The Bruins fell 4-2 to Florida Thursday, severely hurting their chances at making the playoffs. But whether they wind up making it or not, it’s clear that cosmetic changes aren’t going to be enough to keep Boston competitive in an improving Atlantic Division.
With a 54-19-9 record, the Boston Bruins were the best regular-season team in the NHL last season. But one year later, and with one game to go in the 2014-15 campaign, they’re on the brink of elimination: if they win their final game in Tampa Bay Saturday, the Bruins still need the Senators to lose in regulation or the Penguins to lose their final two games (against the Islanders on the road Friday and in Buffalo Saturday) to avoid the ignominy of being eliminated from the post-season tournament.
If the Bruins fail to make the playoffs, there’s an overwhelming sense a good deal of change will take place within the organization, and not just in terms of the roster. There have been persistent rumors all season that the job security of GM Peter Chiarelli and head coach Claude Julien would be jeopardized, with current team president Cam Neely perhaps replacing the former and choosing a new face to take over for the latter. And given that star defenseman Zdeno Chara just turned 38 years old, it’s difficult to not conclude the window with this current group of players is in the midst of closing.
But is widespread change the best move in this particular situation? It’s not as if we haven’t seen strong NHL teams fall off the map one season, and rebound the next. The Philadelphia Flyers made it to the second round in 2011-12, missed the playoffs by a hair in 2012-13, and were right back in the post-season mix last season. The New Jersey Devils made the playoffs 13 straight years, missed out on them in 2010-11, and then went to the Stanley Cup Final the following year. There’s not always a need to tear things down when you don’t have this minimal level of success as an organization.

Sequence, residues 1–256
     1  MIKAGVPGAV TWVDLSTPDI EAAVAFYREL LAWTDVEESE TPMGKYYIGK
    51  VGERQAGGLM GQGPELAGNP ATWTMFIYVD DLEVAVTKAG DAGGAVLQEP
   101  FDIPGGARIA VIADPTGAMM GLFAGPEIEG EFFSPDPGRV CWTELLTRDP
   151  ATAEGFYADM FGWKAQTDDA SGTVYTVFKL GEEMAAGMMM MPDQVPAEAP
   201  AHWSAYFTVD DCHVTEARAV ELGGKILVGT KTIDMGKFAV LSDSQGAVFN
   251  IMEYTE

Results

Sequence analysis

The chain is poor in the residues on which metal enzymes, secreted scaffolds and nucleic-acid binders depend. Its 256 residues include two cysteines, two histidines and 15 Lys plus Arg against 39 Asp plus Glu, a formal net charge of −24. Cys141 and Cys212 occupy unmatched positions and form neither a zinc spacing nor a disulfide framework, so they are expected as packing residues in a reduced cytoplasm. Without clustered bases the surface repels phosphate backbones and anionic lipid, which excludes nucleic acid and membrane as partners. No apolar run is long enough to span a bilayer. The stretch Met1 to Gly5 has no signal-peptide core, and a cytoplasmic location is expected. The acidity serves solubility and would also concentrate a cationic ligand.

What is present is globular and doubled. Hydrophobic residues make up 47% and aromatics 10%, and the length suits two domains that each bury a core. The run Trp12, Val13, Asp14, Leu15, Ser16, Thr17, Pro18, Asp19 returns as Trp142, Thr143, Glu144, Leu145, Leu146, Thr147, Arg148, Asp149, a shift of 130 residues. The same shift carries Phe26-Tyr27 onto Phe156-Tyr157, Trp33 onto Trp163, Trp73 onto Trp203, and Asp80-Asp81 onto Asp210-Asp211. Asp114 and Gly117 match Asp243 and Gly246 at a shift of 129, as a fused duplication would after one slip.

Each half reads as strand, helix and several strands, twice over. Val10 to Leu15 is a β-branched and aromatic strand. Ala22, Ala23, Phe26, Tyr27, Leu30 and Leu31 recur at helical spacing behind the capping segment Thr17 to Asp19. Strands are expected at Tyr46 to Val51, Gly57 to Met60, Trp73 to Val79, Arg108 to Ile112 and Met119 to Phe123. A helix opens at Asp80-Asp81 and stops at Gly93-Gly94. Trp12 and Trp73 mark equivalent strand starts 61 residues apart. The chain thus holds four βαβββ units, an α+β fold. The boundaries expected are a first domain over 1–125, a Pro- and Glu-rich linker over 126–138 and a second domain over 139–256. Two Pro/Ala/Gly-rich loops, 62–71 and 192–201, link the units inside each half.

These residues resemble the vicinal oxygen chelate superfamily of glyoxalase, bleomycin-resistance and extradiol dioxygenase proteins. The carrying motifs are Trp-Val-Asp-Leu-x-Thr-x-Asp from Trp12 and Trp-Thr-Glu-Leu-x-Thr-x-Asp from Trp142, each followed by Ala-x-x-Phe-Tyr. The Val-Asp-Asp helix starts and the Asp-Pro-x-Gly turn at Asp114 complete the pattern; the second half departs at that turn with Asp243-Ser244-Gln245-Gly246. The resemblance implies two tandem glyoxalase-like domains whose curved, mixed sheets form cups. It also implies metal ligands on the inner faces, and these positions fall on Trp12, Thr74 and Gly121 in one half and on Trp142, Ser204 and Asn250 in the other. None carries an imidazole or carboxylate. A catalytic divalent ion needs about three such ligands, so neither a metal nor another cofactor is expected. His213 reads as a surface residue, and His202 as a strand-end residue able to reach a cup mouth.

However, the more you put this team under a microscope, the more it’s clear: cosmetic changes aren’t going to cut it. It doesn’t have to be a full-on rebuild involving every facet of the franchise, but in an Atlantic Division that now includes the up-and-coming Florida Panthers, the newly-energized Senators, and the already formidable Canadiens and Lightning, Boston cannot afford complacency and second chances for everyone.
The Bruins have committed some $59.5 million to their salary cap in 2015-16, and with the cap ceiling projected anywhere from $68-72 million next year, that doesn’t leave much for their nine free agents, especially talented young defenseman and restricted free agent Dougie Hamilton. But simply allowing their unrestricted free agents to move on wouldn’t be enough of a change. Boston isn’t in the position they’re in because Gregory Campbell or Dan Paille underwhelmed this season.
No, the simple reason the Bruins are on the precipice of early-onset-golf season is because their offense hasn’t been anywhere near good enough (as evidenced by their 17th-ranked 2.56 goals-per-game average) and their defense (including a 2.46 goals-allowed per game average) is no longer air-tight enough to bail them out on the nights they can’t score. Indeed, Boston had the NHL’s third-best offense (including a 3.15 goals-per-game average) and were masterful in their own zone (with the second-best goals-allowed per game average of 2.08). That’s on players like winger Milan Lucic, who makes $6 million a year; whose 18 goals this year are his lowest total since 2008-09; and whose goal totals have declined now for three consecutive full seasons. That’s also on center David Krejci; in fairness, injuries have limited the 28-year-old to just 46 games, seven goals and 30 points this season, but the fact remains Krejci is about to enter the first year of a six-year, $43.5-million contract extension that carries a $7.25 million cap hit. Simply put: the Bruins need more from him.
There are still pieces worth hanging on to. There’s no good that would come of trading goalie Tuukka Rask, and with Hamilton, Reily Smith, Ryan Spooner and Bergeron, there’s enough talent for the future to make this a short-term pain situation. But knowing what you do now, Bruins fans, would you still reflexively say no to a Lucic trade if it helped address the defense, or brought in a couple younger players who might be one or two years away from blooming as NHLers? What about a deal that sends the beloved Brad Marchand, or – gasp! – Chara out of town? I’m not saying I’d absolutely move either player, but I am saying the whole team doesn’t deserve the untradeable label. Not the way things have panned out for them this year.
The Bruins still can make it into the playoffs, but it’s apparent they can’t stick with the same group in 2015-16. Time no longer is on their side. Tough decisions aren’t always popular, but they’re necessary if you want to stay competitive in the NHL.